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University of Toronto Archives and Records Management Services
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Family correspondence

This series contains family correspondence between James Conacher and family members. Correspondence from the 1940s and early 1950s is with his parents, his brother Desmond who was a professor of English at Trinity College and wife Muriel. Much of the correspondence with his family while at Harvard and during WW II is interfiled with general correspondence found in B2005-0011 /001. Later family correspondence was exchanged while the Conachers were on research leaves and is mostly with their grown children. Arrangement is chronological.

Also included in this series is some historical correspondence and documents belonging to ancestor James Roy Conacher (1938-191-).

Letters of recommendation

Letters of recommendation for colleagues and students document Conacher’s status as a senior historian and mentor. Conacher’s support was sought by colleagues for grant applications, fellowships, appointments and promotions. Recommendations for students were mainly for scholarships and entrance into graduate school.

Books

This series documents Conacher’s publishing activities relating to his major works including:

The Aberdeen Coalition, 1852-1855 : A Study in Mid-Nineteenth-Century Party Politics (1968)

The Peelites and the Party System 1846-1952 (1972)

Waterloo to the Common Market, Borzoi History of England Vol 5. 1815
to the Present (1975)

Britain and the Crimea, 1855-56: Problems of War and Peace (1987)

Included are files arranged chronologically by title of publication and contain correspondence and contracts with publishers, comments, reviews, partial drafts of chapters and revisions for his first three books. There are three drafts of manuscripts for his final book “War and Peace”, - its title during the writing phase.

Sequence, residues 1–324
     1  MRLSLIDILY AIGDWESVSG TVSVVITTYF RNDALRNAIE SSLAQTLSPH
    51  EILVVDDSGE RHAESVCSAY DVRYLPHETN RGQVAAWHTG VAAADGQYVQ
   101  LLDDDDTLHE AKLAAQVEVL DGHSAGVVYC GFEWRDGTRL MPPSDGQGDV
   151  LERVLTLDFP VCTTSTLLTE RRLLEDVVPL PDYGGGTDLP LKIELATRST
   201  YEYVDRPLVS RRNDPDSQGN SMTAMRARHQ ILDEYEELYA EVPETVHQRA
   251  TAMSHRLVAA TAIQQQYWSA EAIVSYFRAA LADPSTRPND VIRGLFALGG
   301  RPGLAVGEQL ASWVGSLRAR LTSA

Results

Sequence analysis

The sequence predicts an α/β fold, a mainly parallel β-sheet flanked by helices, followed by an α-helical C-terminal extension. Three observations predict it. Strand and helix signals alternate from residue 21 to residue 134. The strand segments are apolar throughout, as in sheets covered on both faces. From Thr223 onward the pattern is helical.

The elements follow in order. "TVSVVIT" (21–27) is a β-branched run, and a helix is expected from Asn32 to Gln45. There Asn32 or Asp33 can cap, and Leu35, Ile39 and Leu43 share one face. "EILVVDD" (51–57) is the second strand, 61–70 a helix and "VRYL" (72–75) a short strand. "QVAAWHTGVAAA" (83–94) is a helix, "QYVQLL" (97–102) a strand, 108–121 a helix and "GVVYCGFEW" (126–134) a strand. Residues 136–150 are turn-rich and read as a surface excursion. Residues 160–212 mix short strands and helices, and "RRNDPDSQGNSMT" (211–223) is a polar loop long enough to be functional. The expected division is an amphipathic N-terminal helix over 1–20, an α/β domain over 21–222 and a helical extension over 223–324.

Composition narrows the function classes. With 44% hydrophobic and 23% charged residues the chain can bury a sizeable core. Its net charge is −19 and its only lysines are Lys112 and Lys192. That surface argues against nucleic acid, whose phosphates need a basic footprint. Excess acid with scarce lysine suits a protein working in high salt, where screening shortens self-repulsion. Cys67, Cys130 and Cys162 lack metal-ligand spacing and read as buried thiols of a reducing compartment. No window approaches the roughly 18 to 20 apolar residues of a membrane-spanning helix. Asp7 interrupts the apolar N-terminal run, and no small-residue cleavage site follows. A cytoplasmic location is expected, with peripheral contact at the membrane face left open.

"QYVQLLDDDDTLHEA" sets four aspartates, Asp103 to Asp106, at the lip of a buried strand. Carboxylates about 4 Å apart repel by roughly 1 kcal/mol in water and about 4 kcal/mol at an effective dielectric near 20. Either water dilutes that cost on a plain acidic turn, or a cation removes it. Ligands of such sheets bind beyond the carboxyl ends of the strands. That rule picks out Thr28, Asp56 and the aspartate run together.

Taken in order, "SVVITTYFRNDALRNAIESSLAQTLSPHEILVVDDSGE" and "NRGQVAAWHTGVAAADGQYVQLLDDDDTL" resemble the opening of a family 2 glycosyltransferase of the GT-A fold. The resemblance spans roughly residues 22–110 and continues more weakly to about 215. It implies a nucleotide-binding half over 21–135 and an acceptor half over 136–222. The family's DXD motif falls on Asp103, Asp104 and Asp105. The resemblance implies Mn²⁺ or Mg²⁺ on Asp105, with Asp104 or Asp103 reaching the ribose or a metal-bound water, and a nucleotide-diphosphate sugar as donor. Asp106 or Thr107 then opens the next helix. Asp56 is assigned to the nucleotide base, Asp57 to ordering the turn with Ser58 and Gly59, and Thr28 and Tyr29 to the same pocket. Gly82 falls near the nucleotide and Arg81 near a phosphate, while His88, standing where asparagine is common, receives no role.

Talks, addresses and articles

This series contains correspondence and manuscripts relating to talks and papers many given at symposiums, conferences and meetings. There are also drafts of some published articles as well as a copy of his M.A. thesis from Queens (1939) and a draft of his Ph.D. Thesis from Harvard. Files are arranged chronologically.
His writings on British history are found in two main files containing mainly drafts, as well as a file documenting his contributions to Encyclopedia Americana. On various occasions Conacher gave tributes to many well known Canadian historians. There are typescripts for his tribute to Donald Creighton, C.P. Stacey, Arthur Lower and close friend Kenneth McNaught. Also included in this series are notes prepared for an oral history interview in the early 1980s as well as a draft copy of his unpublished memoirs. Both are interesting for their insights on the University administration and the Department of History in particular.

Reviews

This series documents Conacher’s role as an external assessor and reviewer. At times it is other historians he has been asked to assess for promotion or act as external reviewer of a Ph.D. candidate. At other times it is a review at the institutional level, as in the case of his role in reviewing the Dalhousie Graduate History Department (1977) and the University of Western Ontario, Graduate Department of History (1986). There are also files relating to Conacher acting as referee for articles most of which are filed in four chronological files covering his entire career (1947-1991). These files contain correspondence with publisher as well as drafts of published reviews.

Disraeli Project

The Disraeli project had begun in 1972 as a large research project aimed at searching out Disraeli letters and related primary and secondary materials for publication. Conacher joined the pared down second phase of the project in 1982 recruited by Senior Editor M.G. Wiebe (Queen’s University). From 1982 to 1993, the group comprising of Wiebe, Conacher, John Matthews and Mary S. Millar published Volumes 3 and 4. Correspondence, reviews, grant applications, minutes of meetings, revision notes, drafts document the groups efforts and Prof. Conacher’s particular involvement.

Professional activities

Records in this series document Conacher’s active involvement in several professional associations including: the Canadian Historical Association, the American Historical Association, the Council of Conference on British Studies, the Champlain Society and the Canadian Catholic Historical Association. There is one file relating to his early involvement in the Canadian Association of University Teachers (1950-1957). Finally there are also files that document his time on the editorial committee of the John Stuart Mill Project (1960- 1990) and the Journal of Modern History (1971-1973). Files are arranged alphabetically by name of association. Canadian Historical Association files are boxed in B2005-0011/022.